Sunday, February 08, 2009

Grading the Administration 3

Weekly Poverty Grades for the Obama Administration: C-

Grades are slipping for the administration's struggle against poverty. We had the worst month for jobs in 34 years, and so once again the focus was on the economic stimulus. The economy is hurting everyone including those currently living in poverty so the work on a stimulus package should count toward addressing poverty. If nothing is done or we rely strictly on a tax cut strategy, poverty will get worse. The creation of the faith based and neighborhood partnership advisory is a good step because it features Rev. Jim Wallace and Rev. Otis Moss. The addition of Tammy Duckworth to the Department of Veterans Affairs is a positive addition to the administration. The third week of the administration sees another slip in the grades. I have to give the Obama administration a C- for their efforts to reduce poverty in week 3.

The new staff for the Office of Faith Based and Neighborhood Partnership, Joshua DuBois, said,
"Whether it's connecting groups that are training people to do new jobs, or figuring out the role of faith-based organizations in combating global climate change, this office creates those partnerships in a way that's responsible, constitutional, and -- bottom line -- helps those in need."
Mr. DuBois seems like a good advocate for America's cities. He was the guy who pushed the City of New York to remember Amadou Diallo by leading a 41 hour vigil in 1999 after Diallo was assainated. With the support of the amazing Jim Wallace of Sojourners and Cleveland's own Rev. Otis Moss, this office should be able to make great strides if they do not spend all their time arguing about the constitutional questions.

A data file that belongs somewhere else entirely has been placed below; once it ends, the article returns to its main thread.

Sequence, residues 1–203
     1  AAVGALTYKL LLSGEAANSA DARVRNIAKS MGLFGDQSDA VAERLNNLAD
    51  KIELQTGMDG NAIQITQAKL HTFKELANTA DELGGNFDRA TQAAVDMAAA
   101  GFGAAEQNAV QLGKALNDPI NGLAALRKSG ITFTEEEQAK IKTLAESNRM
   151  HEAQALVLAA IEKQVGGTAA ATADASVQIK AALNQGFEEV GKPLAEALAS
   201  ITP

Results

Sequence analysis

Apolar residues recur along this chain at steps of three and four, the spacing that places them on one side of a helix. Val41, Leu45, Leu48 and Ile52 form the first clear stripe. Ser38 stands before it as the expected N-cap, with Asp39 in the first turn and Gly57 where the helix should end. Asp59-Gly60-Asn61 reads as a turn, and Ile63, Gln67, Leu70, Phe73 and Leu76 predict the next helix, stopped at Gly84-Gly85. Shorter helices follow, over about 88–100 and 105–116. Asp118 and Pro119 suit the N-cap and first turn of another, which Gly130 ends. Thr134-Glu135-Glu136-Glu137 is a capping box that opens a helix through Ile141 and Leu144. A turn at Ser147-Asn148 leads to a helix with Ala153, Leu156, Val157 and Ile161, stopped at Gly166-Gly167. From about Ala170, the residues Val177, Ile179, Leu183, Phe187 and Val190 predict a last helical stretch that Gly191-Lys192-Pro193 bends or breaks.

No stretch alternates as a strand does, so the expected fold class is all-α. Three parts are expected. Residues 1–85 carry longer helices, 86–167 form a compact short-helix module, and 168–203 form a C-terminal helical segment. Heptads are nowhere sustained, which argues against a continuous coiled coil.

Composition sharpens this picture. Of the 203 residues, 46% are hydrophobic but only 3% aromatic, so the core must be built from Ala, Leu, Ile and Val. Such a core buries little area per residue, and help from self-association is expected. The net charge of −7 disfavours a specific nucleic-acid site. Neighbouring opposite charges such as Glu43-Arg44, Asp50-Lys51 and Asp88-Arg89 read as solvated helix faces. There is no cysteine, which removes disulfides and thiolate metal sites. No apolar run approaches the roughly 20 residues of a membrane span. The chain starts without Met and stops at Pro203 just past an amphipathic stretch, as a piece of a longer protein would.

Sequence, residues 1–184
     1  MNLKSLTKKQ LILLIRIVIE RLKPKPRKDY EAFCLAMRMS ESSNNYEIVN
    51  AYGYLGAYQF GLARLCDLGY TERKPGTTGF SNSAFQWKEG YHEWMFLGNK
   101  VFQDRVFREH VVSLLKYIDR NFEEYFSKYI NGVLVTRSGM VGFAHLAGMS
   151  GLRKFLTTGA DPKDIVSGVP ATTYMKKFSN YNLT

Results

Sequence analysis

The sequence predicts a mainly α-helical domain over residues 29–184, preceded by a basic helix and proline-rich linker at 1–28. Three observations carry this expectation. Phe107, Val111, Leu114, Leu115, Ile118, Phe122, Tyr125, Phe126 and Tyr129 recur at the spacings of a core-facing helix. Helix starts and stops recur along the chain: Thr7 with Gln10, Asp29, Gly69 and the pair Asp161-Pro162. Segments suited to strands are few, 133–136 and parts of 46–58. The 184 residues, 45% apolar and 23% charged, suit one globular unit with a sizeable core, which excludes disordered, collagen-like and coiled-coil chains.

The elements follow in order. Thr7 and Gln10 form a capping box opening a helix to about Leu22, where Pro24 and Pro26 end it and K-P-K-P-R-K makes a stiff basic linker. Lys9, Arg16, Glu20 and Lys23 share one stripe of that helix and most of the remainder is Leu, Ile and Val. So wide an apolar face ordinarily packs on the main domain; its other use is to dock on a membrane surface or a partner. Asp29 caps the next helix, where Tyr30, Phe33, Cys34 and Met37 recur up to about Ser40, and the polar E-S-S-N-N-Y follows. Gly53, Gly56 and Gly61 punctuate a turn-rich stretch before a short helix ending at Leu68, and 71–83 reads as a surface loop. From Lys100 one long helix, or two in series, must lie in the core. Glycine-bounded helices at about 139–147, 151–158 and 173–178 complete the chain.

Ron Sims of Seattle was named Deputy Secretary of HUD to oversee all day to day operations. I have no idea if this is good, but at least these positions are being filled. The new Children's Health Insurance Program rules were signed into law expanding health care coverage. This is a positive for low income families and those children who do not have health insurance. But overall, we still have not seen much action on reducing poverty. I am getting worried that we may not see much progress because of this economic downturn. We lost the shelter money that the president proposed in the stimulus bill. We lost the money for affordable housing that the House passed, and we lost the money for our Commnity Action Agencies. The Senate added money for Public Housing, but homelessness took a hit in the legislation.

The list of activities that are still outstanding is getting longer every day:
These are the items that they need to work on to improve that grade which has slipped in one week.
  • No work on Katrina recovery.
  • No jobs created.
  • No health insurance
  • No school system was improved
  • No additional assistance was provided so that young people could go to college.
  • No further details or action on a rural or urban agenda.
  • The HUD Continuum of Care funds for last year were not released.
  • No further action on homelessness
  • No civil rights agenda was proposed.
  • Nothing on the extreme debt facing poor people.
  • No halt to all the foreclosures while we stabilize housing.
  • Still no action on all the toxic assets being held by banks.
  • There is very little change with the HUD, HHS, and Department of Labor websites.
  • Some Bush Administration hold overs are still in office, and need to be let go.
Brian
Posts by Northeast Ohio Coalition for the Homeless staff and Board.

1 comment:

Douglas Tooley said...

As to Sims, he is not bad, but he is tolerant of some rather bad apples - most salient would be the folks behind a upscale project using HUD 'blight' money based on falsified crime statistics.

Story

Sims had no direct culpability with this, but you can bet the folks with the Fed links on both his appointment and the deal do.

Curiously, these are the same folks behind WAMU and Microsoft, but that gets more complicated.

-Douglas Tooley
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